In the book Gorgias Socrates finds himself in an argument with Polus and Gorgias about whether oratory is a knack or a craft. Socrates’ opinion is that oratory is not a craft but rather a knack. When looking at the distinction between a knack and a craft it is commonly agreed upon that a knack is simply something that one is instinctively better at than others and a craft is a skill that one acquires through pursuit. With this said, the distinction that Socrates makes between a knack and a craft is a much deeper and more abstract one. Socrates argues that a knack is part of a shameful practice, that practice being flattery, and is only in accordance with what is most pleasant at the time, where as a craft deals with fitness of…show more content…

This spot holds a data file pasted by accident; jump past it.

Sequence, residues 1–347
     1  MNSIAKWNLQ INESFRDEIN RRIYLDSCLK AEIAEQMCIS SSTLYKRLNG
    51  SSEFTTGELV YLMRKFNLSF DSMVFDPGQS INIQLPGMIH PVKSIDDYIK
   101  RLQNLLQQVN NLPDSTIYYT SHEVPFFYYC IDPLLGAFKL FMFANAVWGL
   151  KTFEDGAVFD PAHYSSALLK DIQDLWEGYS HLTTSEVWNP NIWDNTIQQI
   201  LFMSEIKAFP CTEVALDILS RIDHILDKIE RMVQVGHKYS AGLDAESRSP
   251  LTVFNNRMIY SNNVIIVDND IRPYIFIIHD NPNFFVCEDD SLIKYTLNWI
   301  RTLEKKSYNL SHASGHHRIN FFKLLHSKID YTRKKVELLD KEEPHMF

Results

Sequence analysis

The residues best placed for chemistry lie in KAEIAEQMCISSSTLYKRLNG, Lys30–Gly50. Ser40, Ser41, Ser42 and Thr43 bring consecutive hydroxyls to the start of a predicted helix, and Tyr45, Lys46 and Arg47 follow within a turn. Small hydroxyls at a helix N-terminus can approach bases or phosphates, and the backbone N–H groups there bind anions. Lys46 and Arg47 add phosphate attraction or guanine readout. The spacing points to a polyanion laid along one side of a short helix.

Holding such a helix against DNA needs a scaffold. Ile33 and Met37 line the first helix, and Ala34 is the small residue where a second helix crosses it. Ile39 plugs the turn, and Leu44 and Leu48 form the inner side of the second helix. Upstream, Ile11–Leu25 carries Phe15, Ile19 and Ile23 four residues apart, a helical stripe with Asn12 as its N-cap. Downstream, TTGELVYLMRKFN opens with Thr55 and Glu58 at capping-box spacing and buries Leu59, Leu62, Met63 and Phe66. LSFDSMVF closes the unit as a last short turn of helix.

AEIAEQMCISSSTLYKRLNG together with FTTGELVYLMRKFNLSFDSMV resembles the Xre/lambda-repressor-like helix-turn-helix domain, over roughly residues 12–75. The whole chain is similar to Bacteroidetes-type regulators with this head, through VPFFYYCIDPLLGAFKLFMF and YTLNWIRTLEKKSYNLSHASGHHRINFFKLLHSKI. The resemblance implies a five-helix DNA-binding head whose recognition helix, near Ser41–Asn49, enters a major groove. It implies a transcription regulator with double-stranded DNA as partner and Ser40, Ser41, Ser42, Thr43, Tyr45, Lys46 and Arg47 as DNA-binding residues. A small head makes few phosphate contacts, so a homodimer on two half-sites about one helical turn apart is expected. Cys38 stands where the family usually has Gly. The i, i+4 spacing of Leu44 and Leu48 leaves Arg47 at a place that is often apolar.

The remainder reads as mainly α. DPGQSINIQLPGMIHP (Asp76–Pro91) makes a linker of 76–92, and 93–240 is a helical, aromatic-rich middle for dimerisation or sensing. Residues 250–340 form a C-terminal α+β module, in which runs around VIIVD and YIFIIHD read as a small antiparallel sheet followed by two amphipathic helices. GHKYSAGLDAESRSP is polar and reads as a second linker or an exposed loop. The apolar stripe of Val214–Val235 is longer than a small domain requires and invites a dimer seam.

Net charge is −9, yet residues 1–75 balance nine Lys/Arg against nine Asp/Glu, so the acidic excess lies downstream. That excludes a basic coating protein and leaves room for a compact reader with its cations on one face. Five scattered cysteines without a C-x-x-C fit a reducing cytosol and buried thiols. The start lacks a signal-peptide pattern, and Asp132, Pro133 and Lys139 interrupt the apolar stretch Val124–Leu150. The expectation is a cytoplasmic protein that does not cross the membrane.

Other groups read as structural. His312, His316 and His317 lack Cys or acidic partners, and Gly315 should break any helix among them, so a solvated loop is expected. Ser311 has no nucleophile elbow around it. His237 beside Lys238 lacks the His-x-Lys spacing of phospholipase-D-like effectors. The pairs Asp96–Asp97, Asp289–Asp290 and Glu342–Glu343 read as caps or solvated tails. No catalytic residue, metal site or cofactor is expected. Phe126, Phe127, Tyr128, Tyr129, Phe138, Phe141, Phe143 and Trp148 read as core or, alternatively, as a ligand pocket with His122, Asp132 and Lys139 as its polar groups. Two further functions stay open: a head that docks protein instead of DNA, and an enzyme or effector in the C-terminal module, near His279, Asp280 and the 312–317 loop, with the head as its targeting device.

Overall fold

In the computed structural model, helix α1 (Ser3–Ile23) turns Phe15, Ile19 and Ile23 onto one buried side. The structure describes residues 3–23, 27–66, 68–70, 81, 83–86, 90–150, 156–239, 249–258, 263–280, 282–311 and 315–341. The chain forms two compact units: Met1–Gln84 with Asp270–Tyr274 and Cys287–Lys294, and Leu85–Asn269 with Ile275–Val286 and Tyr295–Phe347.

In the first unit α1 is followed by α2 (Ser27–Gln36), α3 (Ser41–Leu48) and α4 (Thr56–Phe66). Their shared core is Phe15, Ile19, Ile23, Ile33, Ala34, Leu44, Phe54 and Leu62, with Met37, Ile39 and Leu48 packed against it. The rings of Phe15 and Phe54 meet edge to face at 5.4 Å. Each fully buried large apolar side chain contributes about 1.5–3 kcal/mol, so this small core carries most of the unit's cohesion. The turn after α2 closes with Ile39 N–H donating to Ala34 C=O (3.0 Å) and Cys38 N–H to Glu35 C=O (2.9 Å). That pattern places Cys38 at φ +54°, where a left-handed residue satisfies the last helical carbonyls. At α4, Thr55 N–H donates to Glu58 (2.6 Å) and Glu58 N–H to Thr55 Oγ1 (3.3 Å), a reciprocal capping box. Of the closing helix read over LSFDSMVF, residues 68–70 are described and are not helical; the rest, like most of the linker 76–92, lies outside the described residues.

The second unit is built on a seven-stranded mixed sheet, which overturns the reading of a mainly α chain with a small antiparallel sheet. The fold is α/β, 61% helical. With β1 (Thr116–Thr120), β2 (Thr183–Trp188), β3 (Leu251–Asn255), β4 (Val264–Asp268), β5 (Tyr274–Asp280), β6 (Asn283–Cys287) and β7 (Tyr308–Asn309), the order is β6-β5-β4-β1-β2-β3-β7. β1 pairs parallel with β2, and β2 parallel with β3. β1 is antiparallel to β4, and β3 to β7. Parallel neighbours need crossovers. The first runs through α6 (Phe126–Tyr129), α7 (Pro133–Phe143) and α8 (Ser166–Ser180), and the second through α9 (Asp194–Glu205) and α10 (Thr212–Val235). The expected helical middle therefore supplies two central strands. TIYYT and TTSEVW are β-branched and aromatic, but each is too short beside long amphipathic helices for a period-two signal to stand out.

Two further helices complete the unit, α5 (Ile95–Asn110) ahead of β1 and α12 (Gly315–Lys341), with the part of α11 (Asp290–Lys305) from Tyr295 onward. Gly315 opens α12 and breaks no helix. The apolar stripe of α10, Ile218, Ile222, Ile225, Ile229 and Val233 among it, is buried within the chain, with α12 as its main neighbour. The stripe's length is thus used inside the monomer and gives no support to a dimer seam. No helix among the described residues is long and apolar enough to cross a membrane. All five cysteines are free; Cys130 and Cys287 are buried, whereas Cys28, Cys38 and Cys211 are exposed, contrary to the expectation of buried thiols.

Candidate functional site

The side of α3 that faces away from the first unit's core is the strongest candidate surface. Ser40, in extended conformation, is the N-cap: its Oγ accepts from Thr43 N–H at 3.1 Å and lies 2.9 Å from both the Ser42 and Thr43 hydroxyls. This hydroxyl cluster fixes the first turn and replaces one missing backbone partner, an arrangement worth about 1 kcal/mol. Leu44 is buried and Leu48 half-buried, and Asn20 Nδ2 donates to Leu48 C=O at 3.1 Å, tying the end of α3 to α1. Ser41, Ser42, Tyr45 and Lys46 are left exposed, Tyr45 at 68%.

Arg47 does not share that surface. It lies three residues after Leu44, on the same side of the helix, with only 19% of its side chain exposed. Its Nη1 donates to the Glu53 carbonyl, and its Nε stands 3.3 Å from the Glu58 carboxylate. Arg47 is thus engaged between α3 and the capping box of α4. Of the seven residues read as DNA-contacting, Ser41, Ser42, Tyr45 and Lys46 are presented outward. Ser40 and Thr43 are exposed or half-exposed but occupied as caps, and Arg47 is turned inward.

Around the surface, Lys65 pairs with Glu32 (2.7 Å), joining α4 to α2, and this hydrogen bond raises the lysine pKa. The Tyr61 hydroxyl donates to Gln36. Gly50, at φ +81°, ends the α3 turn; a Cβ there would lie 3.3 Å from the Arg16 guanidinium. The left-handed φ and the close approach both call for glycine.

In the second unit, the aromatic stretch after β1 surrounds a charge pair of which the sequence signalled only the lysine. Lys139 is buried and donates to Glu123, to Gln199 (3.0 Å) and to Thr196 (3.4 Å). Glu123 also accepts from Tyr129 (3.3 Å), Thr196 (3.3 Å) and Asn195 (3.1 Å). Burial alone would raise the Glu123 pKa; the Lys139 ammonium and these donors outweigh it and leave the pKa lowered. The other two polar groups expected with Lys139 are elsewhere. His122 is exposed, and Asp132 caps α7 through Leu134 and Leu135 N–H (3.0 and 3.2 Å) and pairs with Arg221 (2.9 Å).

The same goes for gymnastics and cosmetics. Cosmetics may make you look like you are healthy but they do not make you actually healthy, where as gymnastics knows what’s best for your physical health (Plato 25,26).
This is what Socrates specifically refers to as flattery and is such the thing that he finds to be shameful because it does not take into consideration what is best for both the body and soul but instead guesses at what is most pleasant at the moment (Plato 25). Without the soul to govern the body the world would not know what is best for it. This is what makes a knack undesirable and shameful. What Socrates is ultimately saying is that flattery is deception and that is exactly what oratory is.
Socrates’ argument about oratory being a knack, and a knack being part of a shameful practice, is backed up by his premises and thus makes his argument valid. The premises consisted of the four parts of flattery and each of their counter parts that are found in a craft. After he explains the four parts of both a knack and a craft he explains how a knack is only what is best for the time being, where as